A Unified Geo Data Layer, Part One
Simplifying geography with hexagons
Geospatial data is really hard to work with. It requires specialized libraries and file formats as well as an understanding of the arcane art of map projections. At Vrbo™ (part of Expedia Group™), geography is very important to the business. Geography is the foundation of our search product. Geography defines market competitors and influences optimal pricing. Regulations and tax laws operate within geographic boundaries. Property owners ask questions like:
How often do people book properties in my neighborhood?
Setting aside the challenge of defining a neighborhood (is it a block? a street?) and assuming the neighborhood is represented as a polygon, we’d need to figure out which properties are inside that polygon and count their bookings. This requires a point to polygon join. We must take every property in the system and ask it if it’s in the polygon. There are software libraries that do this pretty quickly, and if there’s just one polygon, it’s not awful. What if we want to answer this for every owner? Well, that means polygons for all neighborhoods, not just that of a single property owner. For the United States, one version of “neighborhoods” (built by a specialized, custom variant of HDBSCAN) looks like this:
That’s a lot of polygons and we need to ask each one which points it contains. It’s not pretty. We can use a specialized data structure used by Elasticsearch and PostGIS that very quickly indexes the polygons by bounding box to reduce the search space considerably. This adds yet another specialized tool just to answer this simple question.
Another way to do it, avoiding the point-polygon join as well as the difficult definition of a neighborhood, is to use a smoothing technique. If we smoothed the bookings made by neighbors then we can just check the value of that function at the unit location and we’d have a representation of bookings (though not necessarily an easily interpretable one). One of the ways we did it in the past was to use a technique called kernel density estimation (KDE), in which we drop a smoother on top of each point and sum up all the contributions according to this equation:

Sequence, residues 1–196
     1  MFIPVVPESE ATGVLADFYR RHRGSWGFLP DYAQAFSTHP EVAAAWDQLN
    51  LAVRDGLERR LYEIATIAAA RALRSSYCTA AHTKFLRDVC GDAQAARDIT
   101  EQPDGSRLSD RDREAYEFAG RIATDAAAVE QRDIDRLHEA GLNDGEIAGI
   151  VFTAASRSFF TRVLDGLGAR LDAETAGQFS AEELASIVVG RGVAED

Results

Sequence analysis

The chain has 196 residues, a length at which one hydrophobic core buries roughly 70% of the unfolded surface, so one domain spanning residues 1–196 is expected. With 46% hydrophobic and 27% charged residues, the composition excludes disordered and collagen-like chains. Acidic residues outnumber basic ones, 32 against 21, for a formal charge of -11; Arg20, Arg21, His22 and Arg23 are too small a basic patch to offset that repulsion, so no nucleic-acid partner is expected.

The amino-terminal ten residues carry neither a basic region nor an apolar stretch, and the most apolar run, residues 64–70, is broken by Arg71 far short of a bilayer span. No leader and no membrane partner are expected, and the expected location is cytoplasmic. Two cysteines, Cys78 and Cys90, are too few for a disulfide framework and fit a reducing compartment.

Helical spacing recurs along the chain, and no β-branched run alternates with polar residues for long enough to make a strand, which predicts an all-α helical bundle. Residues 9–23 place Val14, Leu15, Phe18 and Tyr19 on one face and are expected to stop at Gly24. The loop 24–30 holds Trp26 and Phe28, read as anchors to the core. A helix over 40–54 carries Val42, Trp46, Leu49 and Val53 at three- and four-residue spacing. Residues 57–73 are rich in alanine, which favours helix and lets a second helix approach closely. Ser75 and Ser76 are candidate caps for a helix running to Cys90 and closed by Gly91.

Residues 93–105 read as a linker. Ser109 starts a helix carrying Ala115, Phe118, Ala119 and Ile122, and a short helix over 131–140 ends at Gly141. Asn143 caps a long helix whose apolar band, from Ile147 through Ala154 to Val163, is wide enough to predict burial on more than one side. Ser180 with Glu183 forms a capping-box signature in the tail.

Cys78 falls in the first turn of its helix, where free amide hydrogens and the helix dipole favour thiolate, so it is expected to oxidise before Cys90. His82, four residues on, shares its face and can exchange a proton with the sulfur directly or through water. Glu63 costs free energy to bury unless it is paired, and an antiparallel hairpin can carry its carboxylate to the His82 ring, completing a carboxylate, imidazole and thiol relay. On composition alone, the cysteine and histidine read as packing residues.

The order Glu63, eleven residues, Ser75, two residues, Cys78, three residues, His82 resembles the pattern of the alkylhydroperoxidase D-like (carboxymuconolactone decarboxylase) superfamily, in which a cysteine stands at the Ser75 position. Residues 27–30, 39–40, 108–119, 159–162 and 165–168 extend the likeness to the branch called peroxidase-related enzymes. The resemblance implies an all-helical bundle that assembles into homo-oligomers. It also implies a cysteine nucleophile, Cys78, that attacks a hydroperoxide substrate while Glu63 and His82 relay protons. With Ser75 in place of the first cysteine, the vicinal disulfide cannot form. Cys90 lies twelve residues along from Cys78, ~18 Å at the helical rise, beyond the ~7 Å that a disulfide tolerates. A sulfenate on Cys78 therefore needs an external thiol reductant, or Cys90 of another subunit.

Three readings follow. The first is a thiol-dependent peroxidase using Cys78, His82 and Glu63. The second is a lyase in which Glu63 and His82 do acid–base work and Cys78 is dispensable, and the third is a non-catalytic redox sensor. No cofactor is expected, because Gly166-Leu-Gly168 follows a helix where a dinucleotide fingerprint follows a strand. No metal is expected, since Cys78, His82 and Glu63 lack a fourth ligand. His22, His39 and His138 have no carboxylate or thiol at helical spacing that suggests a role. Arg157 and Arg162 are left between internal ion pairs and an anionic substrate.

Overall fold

The kicker is that these smoothers usually drop as a function of distance, so we need a way to calculate distance quickly. Turns out that’s not trivial.
There are a couple ways to calculate this distance. The reason it’s hard is the earth is not flat. The first way is to use what’s called the haversine, or great circle distance. This distance metric assumes the earth is a sphere (it’s not), and is really slow to compute if you have to repeat it a bunch of times (we do). The other way is to use a map projection that preserves distance. There are tons of map projections, but the simplest one for general purpose local distance calculations is transverse Mercator. This flattens the earth along a specified longitude over the ellipsoid, so it doesn’t assume a sphere. Once the coordinates are done, you can just use regular planar distance and everything is okay. The downside is that the farther you get away from the longitude where you centered, the less accurate the distance becomes. So it won’t work for large shapes. That said, we operated on local areas pretty quickly with the projections and got something that looks like this:
This is a heat map and it looks nice, but the estimator powering it is hard to work with. Once the estimator is “trained”, it can’t just give us all the points on earth and their scores; we have to ask it for specific points. This makes precomputation nearly impossible — to serve this online we’d have to calculate the scores on the fly, which, as shown above, requires a sum for each prediction. That sum takes longer the more data the estimator has, so anything on the scale of properties in the US would be prohibitively slow.
To precompute these scores we could drop a grid of points down and just snap any points in our dataset (new or otherwise) to our grid. Then we can retrieve the snapped, precomputed value instead of calculating it. If the model or product can tolerate this precision, then we just saved a bunch of time. So why bother with points in the first place? If we could tile the world and compute the score for each tile then we’d keep the same precision and might be able to avoid the distance/point-polygon calculation.